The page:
When I describe these three options, I’m going to sound a bit like Goldilocks…forgive the analogy, but it can’t be helped. Sometimes you really know when something is “juuuust right.”

The first was in a good neighborhood, with the right public school feeder pattern, but was pretty much a total gut job and had a view of a water tower. It had potential, big potential. But with that potential came big dollar signs and no ability to live through the renovations.

The second, was also in a good neighborhood, not as good as the first neighborhood and not as great a feeder pattern for the public school system, but doable. It was also a total gut job – worse than the first. No way to live through the renovations and big dollars signs that would have been pricing us outside of the value of the neighborhood.

The last house, was in the perfect neighborhood – quiet and with very little street traffic as there’s only one way in and one way out of the neighborhood. It was a four bedroom, two bath Cape Cod. It was partially renovated (gorgeous kitchen, ok first floor bathroom, partially finished basement), but there was still plenty of room to put our stamp on things. It had the turned garage, it was buried in the neighborhood, it was 3/4 of an acre and it was one step out the back door to the yard, which would make it very accessible for family BBQs and for our son to enjoy.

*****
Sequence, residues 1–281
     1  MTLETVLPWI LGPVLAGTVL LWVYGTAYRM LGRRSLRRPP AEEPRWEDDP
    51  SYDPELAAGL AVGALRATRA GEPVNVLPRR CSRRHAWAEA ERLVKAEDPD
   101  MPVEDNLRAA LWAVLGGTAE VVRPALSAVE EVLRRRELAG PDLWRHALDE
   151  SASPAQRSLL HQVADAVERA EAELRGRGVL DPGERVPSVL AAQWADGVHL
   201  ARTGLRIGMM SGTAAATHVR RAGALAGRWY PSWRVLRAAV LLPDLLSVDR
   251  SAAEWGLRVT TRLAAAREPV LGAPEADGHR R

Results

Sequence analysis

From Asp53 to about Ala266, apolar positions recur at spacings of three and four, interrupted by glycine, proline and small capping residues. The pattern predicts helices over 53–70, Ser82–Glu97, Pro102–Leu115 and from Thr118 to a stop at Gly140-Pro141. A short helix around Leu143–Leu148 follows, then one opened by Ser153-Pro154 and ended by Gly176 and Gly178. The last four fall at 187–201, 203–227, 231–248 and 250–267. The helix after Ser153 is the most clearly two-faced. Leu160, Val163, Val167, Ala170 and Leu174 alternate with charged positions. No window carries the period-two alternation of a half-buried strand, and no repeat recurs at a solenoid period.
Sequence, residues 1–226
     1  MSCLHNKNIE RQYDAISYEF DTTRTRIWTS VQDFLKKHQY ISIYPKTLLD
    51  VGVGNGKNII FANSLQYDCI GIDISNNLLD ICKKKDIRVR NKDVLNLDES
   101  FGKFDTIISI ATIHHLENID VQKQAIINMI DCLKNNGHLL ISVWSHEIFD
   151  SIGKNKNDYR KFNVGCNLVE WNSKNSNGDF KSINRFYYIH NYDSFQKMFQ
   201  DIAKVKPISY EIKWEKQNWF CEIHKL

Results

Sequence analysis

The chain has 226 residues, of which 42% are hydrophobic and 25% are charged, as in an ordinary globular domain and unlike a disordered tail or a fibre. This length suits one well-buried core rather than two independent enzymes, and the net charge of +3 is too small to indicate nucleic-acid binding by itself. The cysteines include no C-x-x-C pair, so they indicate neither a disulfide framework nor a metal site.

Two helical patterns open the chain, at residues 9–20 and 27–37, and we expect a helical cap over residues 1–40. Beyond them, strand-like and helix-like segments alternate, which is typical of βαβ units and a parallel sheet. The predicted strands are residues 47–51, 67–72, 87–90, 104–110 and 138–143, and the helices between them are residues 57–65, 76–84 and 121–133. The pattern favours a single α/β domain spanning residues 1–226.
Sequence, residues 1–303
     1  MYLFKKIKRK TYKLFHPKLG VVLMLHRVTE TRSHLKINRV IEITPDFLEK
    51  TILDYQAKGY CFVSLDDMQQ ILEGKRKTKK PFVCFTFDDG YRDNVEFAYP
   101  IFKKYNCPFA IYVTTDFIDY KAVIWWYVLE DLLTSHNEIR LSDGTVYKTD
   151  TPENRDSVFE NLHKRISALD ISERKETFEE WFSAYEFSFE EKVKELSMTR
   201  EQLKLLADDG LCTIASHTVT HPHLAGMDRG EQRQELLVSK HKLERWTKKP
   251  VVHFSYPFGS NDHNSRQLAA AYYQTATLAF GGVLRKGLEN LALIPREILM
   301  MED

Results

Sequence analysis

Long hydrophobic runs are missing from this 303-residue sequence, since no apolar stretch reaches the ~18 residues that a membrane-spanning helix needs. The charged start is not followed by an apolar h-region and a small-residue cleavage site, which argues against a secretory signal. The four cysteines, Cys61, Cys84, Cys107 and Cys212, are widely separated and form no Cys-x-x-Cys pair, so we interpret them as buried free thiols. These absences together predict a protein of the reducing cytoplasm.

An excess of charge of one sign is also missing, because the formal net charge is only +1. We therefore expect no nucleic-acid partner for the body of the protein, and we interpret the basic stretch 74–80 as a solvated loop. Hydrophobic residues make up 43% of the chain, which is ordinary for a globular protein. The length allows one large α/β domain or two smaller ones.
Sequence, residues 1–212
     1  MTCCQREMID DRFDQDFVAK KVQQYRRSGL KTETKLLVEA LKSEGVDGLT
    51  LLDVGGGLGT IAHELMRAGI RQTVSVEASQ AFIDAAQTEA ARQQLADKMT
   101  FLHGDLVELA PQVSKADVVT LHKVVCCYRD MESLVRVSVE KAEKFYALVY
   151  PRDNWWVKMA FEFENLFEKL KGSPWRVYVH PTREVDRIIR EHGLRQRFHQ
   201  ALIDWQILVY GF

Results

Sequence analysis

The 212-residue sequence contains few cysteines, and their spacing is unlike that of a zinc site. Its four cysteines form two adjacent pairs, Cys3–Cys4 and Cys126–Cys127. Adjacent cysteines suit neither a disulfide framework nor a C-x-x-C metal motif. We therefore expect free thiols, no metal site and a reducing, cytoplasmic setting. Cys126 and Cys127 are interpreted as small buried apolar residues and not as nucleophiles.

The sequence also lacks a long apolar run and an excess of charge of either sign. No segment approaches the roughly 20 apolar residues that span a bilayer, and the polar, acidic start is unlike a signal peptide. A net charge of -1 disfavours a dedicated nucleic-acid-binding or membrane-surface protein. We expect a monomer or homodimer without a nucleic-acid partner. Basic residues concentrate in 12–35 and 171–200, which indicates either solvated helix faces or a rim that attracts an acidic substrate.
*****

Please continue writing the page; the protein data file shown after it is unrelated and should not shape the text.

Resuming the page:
Was it love at first sight? Not nearly. Why? Well, let’s just say that the guy living there was….picture Pig Pen times 10 and you’ll be close. There were leaves and trash in the sunroom, there was laundry laying all over the house, the floors hadn’t been vacuumed in forever, the upstairs bathroom was…..NASTY. There’s no other way to describe it! And the house had NO curb appeal whatsoever. The landscaping had all been ripped out, and there was no personality. Needless to say we were deflated.

Of all the houses we’d looked at online and in person, this was the one we wished the most for. We wanted it to be “the one.” And we walked around it seeing the ugliness of the tenant rather than the bones of the house and the quality of the few renovations that had been done.